You should also make sure that each ship is immune to its own photons. You might find exercise 9 useful for this part.

11. Add mouse support

Make changes to InputController to add mouse support. Moving the mouse leftward should turn the ship counter-clockwise, moving the mouse right should turn the ship clockwise, moving the mouse up should accelerate forward, and moving the mouse down should accelerate backward. You should also add left-click to fire photons. Do not remove the keyboard (or X-Box) input from that ship; mouse and keyboard must both work for it.

Make sure the ship does not respond hypersensitively to mouse movement, but moving the mouse quickly should cause more of a reaction than moving it slowly. Also make sure that you can hold down the mouse button for rapid-fire as it was before. As much as possible, make the mouse control “feel natural” to use, which can be achieved with some tweaking (changes elsewhere to turning speed etc. may be necessary). See the Input and InputProcessor interfaces for information about getting mouse input with LibGDX.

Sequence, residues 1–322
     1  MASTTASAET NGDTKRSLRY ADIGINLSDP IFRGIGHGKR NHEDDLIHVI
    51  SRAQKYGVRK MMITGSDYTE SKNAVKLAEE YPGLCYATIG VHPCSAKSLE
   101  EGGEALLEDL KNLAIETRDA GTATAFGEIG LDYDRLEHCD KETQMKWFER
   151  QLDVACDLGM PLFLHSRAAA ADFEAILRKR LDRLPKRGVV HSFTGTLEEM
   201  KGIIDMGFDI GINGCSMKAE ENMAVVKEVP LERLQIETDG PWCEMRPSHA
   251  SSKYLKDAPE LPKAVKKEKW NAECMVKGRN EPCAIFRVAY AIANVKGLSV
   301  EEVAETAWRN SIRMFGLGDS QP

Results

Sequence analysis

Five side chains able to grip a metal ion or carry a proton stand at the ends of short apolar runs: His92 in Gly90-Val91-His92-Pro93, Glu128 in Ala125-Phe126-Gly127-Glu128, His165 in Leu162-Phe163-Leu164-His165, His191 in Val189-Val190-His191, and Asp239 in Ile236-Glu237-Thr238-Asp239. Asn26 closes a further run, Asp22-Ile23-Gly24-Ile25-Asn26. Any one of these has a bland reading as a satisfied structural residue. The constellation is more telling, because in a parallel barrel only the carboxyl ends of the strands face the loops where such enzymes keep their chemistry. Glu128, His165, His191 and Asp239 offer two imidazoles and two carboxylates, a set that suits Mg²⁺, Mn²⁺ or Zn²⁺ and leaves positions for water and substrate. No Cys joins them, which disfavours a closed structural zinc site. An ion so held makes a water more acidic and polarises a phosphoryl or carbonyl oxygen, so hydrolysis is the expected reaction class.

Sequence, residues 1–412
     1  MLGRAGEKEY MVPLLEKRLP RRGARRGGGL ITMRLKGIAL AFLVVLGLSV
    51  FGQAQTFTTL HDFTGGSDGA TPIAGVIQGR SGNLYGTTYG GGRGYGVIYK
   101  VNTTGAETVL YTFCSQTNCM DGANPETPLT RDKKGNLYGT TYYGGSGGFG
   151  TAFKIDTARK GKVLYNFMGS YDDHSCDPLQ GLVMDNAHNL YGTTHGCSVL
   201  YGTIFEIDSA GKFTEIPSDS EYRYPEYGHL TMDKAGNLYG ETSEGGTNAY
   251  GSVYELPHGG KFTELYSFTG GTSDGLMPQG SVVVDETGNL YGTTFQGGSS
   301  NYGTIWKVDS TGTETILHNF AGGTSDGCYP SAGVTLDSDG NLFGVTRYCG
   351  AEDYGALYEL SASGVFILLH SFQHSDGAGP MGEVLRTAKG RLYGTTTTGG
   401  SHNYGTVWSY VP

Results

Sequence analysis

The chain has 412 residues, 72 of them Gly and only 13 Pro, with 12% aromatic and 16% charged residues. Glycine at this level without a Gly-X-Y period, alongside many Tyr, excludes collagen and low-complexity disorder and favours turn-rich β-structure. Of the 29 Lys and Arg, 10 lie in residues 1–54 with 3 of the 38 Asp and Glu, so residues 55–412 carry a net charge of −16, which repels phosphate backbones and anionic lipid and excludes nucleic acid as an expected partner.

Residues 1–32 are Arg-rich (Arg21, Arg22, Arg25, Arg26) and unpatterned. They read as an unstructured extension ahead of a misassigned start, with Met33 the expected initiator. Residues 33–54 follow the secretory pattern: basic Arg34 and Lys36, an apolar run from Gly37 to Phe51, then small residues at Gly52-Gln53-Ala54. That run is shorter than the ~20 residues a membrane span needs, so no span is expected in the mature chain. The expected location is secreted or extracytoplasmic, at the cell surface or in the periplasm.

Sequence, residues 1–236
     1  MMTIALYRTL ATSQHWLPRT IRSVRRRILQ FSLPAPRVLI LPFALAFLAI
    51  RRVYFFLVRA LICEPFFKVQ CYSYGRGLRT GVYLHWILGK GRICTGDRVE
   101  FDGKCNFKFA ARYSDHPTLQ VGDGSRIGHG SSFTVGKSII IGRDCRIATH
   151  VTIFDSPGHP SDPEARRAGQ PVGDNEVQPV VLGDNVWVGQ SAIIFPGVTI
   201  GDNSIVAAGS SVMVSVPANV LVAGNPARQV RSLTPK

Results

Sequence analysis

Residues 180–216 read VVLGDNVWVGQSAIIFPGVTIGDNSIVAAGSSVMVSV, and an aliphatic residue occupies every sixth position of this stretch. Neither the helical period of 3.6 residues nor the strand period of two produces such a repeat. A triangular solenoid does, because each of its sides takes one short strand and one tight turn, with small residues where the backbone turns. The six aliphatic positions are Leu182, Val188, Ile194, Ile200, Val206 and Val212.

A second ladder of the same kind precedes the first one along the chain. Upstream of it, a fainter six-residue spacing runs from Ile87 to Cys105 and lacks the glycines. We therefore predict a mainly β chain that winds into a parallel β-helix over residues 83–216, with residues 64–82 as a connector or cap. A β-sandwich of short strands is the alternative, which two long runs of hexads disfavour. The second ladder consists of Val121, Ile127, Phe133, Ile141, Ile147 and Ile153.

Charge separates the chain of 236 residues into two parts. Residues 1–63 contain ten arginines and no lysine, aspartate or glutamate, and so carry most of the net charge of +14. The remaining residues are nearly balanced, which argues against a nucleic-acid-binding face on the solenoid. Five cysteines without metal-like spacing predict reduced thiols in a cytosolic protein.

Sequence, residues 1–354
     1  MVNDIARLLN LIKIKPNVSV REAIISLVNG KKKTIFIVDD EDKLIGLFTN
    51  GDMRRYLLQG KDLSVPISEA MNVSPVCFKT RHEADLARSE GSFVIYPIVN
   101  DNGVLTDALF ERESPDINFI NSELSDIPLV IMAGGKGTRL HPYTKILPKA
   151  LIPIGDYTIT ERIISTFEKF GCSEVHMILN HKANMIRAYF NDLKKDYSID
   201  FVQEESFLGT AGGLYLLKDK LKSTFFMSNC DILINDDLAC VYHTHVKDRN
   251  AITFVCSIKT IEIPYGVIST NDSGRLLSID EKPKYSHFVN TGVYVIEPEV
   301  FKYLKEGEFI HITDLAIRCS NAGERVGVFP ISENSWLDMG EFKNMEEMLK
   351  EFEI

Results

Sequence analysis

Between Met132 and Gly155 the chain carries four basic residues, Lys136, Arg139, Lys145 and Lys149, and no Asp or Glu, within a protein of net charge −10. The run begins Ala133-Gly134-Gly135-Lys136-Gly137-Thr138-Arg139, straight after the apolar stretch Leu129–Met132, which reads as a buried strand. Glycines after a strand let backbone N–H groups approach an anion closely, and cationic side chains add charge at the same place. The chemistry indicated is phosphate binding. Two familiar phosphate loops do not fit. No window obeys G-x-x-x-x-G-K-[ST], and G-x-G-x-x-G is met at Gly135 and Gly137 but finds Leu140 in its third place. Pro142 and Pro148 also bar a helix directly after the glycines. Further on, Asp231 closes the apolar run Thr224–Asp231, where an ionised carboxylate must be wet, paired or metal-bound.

12. Be creative

Finally, make one more change of your choice that you think we will find impressive, and explain your reasoning in your readme.txt file.


Due: Wed, Feb 02 at 11:59 PM

This might seem like a lot of work, but hopefully you will find all of the tasks reasonably simple and straightforward. To turn in the lab, create a zip file containing the files:

  • readme.txt
  • executable JAR of your solution

Even though you provided us with all of the source files, the last item is extremely important. It takes a lot of time for us to import your files and compile them. Therefore, we want something that we can run while looking at your source code. To make this JAR, read the intructions on the main LibGDX resources page.

The file readme.txt should answer questions and describe anything directly asked in the above task. In addition it should describe (very briefly) how you handled each task and where in the code it was handled.

Submit this zip file as to CMS